Introduction to Psychology:
Cleoputri Yusainy, PhD
Memory and the “self”
“If who we are is shaped by what
we remember, and if memory is a
function of the brain, then
synapses are the fundamental
units of the self” (LeDoux, 2002).
Computer analogy for human’s memory
Trust your memory?
 Memory is an active system that receives
information from the senses, organises and
alters it as it stores it away, and then
retrieve the information from the storage.
 Why do people:
 Forget things that had happened?
 Remember things that did not happen,
or remember them differently from the
way they really were?
Primacy vs. recency effect
 Primacy effect: Characteristic of memory in
which recall is particularly good for first two
or three items in list.
 Recency effect: Characteristic of memory in
which recall is particularly good for the last
few items in list.
 Transcranial Magnetic Stimulation Improves
Atkinson-Shiffrin three-stage model
of memory
Déjà vu (already seen) is thought to happen when the
information we take in from our surroundings "leak out" and
incorrectly shortcut its way from STM to LTM, bypassing typical
storage transfer mechanisms
LTM, learning, and emotion
sensory information,
memory, and learning
reward centre
centre for emotions, emotional
behavior, and motivation
long-term memory
LTM, sleep, and dream
 Dreams generally occur in the REM (rapid eye
movement) sleep.
 “Dreams reflect a biological process of LTM
consolidation, serving to strengthen the neural
traces of recent events, to integrate these new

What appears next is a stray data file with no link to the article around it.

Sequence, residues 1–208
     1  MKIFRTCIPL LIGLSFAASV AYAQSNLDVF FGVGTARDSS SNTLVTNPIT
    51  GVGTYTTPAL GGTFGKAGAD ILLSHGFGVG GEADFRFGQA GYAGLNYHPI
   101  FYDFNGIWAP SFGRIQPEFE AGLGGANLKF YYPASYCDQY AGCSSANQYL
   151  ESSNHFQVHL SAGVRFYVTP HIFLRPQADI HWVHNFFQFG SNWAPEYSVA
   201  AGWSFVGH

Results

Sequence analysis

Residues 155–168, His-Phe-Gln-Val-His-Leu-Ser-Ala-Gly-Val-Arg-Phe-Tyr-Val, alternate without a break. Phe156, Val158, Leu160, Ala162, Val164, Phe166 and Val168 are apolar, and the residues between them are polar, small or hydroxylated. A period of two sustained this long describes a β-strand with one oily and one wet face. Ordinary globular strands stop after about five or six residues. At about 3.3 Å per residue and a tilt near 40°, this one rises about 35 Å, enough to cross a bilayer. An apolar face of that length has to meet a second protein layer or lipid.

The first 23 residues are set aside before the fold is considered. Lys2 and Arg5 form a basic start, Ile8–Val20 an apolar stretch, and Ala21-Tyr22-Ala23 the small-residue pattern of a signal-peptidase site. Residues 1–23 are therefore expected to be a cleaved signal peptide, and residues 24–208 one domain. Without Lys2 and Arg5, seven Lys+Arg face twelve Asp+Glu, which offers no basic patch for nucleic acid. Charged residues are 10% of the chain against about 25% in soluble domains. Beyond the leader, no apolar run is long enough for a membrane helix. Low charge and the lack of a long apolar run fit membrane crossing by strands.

traces with older memories and previously
stored knowledge, and to maintain the
stability of existing memory representations in
the face of subsequent experience.”
Types of LTM
1. Explicit (declarative) memory (facts): LTM
of factual knowledge and personal
a. Semantic memory: Impersonal facts and
everyday knowledge.
b. Episodic memory: Personal experiences
linked with specific times and places.
2. Implicit (procedural) memory (skills): LTM
of conditioned responses and learned skills,
e.g., driving.
HM, the man with no memory
What happens when you remove the hippocampus?
Loss of memory
 Anterograde amnesia: Inability to form new
explicit LTM for events following brain trauma or
surgery. Explicit memories formed before (and
STM) are left intact.
 Retrograde amnesia: Disruption of LTM for the
past, especially episodic memory.
 Infantile/child amnesia: Inability as adults to
remember events that occurred before 3 y.o. age.
Why we forget
A plastic nervous system requires the ability not
only to acquire and store but also to forget.
The fiction of memory
 Elizabeth Loftus: The fiction of memory
 Our tendency to create false memories
could be related to our ability to learn